COLLEGE STUDENTS VOLUNTEER AT LOCAL CHURCH KITCHEN
The Cafe Capital City in the basement cafeteria of the Capital Hill United Methodist Church where about 65 people ate and spoke for about an hour. Students from Georgia Southern University volunteered to help serve and clean the area. (Robert R. Denton)
WASHINGTON — In the fellowship hall of Capitol Hill United Methodist Church, a small, diverse group of people gathers for a meal every Sunday afternoon.
The Café Capitol Hill provides lunch to the homeless and other members of the community who might want to join the church for a meal. On this particular day, just one day before President Barack Obama’s second inauguration, the church welcomed a group of student volunteers from Georgia Southern University in Statesboro, Ga.
Nineteen students and two GSU staff members traveled by train from Savannah, Ga., to Washington, D.C., Thursday night. They participated in the National Day of Service on the National Mall Saturday before helping at the church Sunday.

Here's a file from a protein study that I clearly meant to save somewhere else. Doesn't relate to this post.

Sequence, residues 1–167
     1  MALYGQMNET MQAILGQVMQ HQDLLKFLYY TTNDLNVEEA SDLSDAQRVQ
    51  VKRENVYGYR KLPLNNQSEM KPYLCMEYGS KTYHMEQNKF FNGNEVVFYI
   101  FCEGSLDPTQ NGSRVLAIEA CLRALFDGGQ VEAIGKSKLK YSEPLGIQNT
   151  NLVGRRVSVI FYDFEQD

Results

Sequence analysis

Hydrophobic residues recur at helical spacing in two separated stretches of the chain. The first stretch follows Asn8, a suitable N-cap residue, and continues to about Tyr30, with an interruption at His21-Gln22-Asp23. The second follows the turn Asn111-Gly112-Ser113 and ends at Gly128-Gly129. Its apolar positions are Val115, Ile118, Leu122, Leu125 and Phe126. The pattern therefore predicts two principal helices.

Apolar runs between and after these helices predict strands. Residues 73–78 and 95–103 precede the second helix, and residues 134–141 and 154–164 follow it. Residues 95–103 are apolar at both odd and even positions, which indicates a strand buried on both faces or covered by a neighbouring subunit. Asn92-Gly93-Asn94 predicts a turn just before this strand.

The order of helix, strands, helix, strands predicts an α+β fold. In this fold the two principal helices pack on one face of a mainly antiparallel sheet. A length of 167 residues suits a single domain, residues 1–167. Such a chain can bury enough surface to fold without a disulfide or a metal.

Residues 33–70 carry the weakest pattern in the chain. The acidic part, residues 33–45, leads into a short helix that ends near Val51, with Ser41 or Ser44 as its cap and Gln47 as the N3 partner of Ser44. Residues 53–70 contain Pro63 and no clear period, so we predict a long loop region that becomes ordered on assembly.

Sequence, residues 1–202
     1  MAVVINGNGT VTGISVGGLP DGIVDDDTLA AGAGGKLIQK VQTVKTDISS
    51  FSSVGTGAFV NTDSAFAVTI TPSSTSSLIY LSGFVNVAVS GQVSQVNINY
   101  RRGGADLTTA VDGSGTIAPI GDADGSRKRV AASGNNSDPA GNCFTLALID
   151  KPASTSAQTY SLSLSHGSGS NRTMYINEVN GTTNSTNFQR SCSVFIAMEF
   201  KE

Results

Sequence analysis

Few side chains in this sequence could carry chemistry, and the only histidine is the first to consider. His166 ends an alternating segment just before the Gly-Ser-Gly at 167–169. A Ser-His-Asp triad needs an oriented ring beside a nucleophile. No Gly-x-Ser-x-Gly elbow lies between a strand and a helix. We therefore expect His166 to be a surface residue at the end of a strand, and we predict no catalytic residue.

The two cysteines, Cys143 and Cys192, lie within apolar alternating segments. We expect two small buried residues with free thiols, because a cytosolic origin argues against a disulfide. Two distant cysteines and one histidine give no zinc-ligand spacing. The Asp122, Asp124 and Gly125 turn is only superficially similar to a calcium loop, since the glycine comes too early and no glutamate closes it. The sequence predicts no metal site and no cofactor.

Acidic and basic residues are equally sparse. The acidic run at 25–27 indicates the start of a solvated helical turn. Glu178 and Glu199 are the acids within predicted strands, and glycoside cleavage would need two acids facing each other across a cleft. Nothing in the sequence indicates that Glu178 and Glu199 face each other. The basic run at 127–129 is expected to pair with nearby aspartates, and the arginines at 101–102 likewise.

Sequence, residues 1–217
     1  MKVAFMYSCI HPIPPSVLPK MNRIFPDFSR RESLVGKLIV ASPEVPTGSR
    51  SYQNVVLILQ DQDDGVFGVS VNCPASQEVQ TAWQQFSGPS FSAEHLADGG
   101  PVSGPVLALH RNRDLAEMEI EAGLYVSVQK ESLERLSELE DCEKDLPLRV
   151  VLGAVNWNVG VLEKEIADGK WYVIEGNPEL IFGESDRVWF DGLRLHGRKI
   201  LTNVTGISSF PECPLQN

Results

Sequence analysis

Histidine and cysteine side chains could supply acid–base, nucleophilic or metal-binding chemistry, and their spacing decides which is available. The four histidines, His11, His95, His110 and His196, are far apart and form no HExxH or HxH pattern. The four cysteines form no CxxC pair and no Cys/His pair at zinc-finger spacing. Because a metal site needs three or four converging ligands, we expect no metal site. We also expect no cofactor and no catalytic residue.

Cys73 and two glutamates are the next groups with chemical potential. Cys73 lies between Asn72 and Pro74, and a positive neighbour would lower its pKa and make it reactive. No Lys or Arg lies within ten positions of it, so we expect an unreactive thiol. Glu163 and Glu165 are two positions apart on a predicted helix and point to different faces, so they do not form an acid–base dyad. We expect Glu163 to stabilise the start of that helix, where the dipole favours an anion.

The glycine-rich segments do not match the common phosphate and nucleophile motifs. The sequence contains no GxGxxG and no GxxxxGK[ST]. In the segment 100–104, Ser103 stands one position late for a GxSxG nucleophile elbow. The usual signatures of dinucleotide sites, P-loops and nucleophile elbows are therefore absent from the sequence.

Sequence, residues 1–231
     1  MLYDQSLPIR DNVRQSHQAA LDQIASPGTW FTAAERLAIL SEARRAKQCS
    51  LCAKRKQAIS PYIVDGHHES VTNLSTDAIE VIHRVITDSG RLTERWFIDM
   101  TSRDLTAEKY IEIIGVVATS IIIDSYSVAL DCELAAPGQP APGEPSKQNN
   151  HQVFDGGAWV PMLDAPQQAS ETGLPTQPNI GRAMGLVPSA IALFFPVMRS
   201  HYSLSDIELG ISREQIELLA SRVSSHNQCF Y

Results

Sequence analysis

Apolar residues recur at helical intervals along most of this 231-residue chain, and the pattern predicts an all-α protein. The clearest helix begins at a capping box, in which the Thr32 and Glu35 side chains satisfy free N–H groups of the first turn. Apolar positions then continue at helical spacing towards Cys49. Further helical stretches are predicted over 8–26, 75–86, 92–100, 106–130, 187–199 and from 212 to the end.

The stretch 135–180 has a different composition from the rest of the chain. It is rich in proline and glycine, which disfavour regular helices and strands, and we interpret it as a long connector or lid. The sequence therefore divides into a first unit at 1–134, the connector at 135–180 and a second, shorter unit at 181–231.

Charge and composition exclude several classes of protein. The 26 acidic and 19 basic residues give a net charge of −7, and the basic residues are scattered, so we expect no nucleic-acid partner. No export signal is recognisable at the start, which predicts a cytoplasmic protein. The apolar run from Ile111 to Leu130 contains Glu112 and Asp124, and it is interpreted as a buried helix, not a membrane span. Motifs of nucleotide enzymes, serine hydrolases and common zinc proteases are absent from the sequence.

The students helped serve meals and engaged the locals in conversation. That’s exactly what John Banter, a leadership coordinator with the university’s Office of Student Leadership and Civic Engagement, wanted the students to do.
“That’s partly why we chose to volunteer with the soup kitchen, because then our students will get to directly interact with some people there in D.C.,” Banter said. “They’ll see all of the pageantry that will exist with the inauguration and all of these other pieces that exist behind the scenes in our nation’s capital.”
Dave Kennedy is the team leader for Café Capitol Hill. He said the church serves food to dozens of people every Sunday.
“If there are 65 guys here, it’s 65 stories,” Kennedy said. “It’s not just that everybody here is homeless and in the same boat.”
Not all of the people who attend the lunch are homeless. Some are those who need to get back on their feet and others are people who attend the church.
“We get a couple of guys who are Ph.D.-educated who have just hit something hard in their lives,” Kennedy said.
At one table in the middle of the hall sat Ross Frye, a Washington native who attends Bible studies at the church.
“I used to be shy,” Frye said. But Sunday Frye spent about an hour talking with students from GSU. He laughed as he carried on a conversation with Emily Austin and Ashley Smith.
Their conversations ranged from topics like football to Frye’s hobby of oil painting.
“It was just great to have his experience and to talk to him and to hear about his life,” Austin said. “Getting to talk to him was just a great experience.”